2007-09-25Zeitschriftenartikel DOI: 10.1017/S0950268807009533
Large Q fever outbreak due to sheep farming near residential areas, Germany, 2005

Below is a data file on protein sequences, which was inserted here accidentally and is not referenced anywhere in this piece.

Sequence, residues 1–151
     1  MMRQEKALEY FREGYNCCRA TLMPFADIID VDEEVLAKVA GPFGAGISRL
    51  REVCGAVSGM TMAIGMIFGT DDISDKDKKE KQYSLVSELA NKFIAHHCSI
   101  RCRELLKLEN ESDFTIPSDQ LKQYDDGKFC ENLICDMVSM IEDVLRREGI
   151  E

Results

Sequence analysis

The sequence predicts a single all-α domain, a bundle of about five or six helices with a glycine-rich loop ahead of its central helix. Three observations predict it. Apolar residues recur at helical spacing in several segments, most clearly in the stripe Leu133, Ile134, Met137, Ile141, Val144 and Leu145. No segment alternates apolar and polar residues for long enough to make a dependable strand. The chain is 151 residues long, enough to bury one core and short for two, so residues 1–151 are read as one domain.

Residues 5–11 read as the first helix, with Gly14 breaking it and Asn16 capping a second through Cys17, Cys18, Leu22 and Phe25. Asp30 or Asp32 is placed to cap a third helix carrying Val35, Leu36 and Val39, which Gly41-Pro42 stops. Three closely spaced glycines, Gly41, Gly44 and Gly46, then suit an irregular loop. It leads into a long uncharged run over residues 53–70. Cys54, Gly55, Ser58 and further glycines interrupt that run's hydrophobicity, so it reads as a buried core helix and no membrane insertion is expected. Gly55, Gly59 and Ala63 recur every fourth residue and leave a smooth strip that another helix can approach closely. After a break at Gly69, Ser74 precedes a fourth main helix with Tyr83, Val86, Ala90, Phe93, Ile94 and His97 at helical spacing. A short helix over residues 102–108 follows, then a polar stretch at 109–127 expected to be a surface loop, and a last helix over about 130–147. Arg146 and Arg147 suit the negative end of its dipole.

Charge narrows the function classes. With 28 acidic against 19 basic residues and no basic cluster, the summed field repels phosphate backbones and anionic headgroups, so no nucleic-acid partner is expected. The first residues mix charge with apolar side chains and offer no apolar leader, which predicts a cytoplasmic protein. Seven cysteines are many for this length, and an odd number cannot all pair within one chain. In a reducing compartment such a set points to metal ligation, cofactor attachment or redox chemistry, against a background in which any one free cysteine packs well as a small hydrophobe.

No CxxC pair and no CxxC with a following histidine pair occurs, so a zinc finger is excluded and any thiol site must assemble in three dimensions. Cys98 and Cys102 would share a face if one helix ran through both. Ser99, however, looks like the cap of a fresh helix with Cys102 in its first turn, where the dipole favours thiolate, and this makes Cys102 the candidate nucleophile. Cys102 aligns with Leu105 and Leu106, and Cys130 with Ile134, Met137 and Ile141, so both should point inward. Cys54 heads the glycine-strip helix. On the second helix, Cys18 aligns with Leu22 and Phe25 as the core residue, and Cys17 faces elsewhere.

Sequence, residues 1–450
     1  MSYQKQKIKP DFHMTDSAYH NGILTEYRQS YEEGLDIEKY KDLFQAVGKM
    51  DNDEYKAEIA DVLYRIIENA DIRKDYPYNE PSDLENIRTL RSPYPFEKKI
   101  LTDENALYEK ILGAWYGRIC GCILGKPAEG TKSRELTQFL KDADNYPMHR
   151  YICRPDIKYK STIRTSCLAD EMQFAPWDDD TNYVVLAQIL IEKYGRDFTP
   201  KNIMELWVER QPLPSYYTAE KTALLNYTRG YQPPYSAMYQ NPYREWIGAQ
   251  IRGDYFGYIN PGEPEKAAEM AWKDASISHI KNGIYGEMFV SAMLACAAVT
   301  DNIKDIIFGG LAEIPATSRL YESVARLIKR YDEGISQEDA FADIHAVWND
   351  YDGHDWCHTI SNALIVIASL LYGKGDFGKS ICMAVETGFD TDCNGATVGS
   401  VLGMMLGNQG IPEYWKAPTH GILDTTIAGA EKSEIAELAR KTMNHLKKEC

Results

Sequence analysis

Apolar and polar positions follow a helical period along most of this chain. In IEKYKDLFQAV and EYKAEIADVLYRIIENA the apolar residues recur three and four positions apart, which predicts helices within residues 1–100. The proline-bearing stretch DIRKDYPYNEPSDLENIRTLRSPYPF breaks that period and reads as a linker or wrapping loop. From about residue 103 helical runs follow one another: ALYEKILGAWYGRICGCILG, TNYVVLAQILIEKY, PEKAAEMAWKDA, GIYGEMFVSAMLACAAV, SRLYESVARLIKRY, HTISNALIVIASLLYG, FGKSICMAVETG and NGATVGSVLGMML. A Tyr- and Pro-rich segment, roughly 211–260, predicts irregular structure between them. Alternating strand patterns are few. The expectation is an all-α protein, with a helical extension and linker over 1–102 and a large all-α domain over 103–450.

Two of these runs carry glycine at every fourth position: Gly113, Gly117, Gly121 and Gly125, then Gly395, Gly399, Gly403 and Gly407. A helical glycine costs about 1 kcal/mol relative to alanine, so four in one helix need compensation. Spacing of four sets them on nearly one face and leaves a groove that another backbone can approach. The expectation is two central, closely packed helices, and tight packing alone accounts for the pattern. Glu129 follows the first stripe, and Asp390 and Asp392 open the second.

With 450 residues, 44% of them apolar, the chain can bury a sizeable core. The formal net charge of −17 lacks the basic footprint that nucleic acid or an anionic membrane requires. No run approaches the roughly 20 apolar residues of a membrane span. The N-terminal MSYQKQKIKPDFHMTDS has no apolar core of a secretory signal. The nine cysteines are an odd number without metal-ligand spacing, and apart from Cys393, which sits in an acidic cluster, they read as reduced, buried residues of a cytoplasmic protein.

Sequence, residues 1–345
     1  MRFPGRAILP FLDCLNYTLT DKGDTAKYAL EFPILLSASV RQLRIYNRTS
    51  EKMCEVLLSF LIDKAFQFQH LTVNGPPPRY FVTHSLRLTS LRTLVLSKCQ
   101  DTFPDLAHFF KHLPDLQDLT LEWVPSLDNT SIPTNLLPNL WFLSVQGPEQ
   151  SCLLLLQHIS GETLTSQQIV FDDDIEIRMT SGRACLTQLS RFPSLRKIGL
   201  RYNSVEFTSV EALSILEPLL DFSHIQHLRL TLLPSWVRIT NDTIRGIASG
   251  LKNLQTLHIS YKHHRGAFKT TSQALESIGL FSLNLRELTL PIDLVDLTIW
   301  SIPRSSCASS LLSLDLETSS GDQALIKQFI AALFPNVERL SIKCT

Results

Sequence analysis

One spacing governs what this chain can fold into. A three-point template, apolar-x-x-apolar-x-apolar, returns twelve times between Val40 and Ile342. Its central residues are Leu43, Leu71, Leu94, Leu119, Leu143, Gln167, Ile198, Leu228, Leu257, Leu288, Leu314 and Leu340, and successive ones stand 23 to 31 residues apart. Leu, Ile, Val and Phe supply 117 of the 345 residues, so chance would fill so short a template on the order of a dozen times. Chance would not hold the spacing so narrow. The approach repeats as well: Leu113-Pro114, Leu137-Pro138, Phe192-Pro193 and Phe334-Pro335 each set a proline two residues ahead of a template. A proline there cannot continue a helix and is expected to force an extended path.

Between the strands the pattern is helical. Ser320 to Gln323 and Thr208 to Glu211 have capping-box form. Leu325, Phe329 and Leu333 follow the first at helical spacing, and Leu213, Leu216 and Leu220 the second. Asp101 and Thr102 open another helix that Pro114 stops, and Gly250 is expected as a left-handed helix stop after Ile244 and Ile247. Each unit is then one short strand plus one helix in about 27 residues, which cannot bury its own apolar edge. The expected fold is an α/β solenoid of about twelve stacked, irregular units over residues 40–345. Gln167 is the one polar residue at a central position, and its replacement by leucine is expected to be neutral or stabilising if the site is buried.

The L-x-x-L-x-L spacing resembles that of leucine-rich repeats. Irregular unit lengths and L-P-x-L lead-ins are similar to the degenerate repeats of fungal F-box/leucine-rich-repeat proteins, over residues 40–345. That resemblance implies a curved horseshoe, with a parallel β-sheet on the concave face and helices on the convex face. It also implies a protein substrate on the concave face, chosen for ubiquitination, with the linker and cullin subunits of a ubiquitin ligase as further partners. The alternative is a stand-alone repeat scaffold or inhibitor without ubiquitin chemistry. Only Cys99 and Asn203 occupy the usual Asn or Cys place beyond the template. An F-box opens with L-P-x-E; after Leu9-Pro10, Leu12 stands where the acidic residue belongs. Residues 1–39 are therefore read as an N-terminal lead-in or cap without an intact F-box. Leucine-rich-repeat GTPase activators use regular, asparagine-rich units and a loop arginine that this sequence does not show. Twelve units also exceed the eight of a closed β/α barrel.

In June 2005 Coxiella burnetii-infected sheep, grazing and lambing on a meadow bordering a residential area, caused a large Q fever outbreak (331 cases) in Germany. Our outbreak investigation provided attack rates (AR) by distance between residence and meadow, sex and age groups. The AR of people living within 50 m of the meadow was 11·8%. It decreased the further the residence was from the meadow, falling to 1·3% at 350–400 m distance (RR 8·7, 95% CI 4·5–17·1). The AR was higher in men (RR 1·4, 95% CI 1·1–1·8). In the 25–64 years age group, the AR was 2·3 times higher compared to other age groups (95% CI 1·7–3·0). The distance-related AR showed a relationship between risk of infection and living close to the meadow. Ongoing urbanization will probably lead to further Q fever outbreaks, hence prevention activities undertaken by animal and public health practitioners should be aligned and strengthened.
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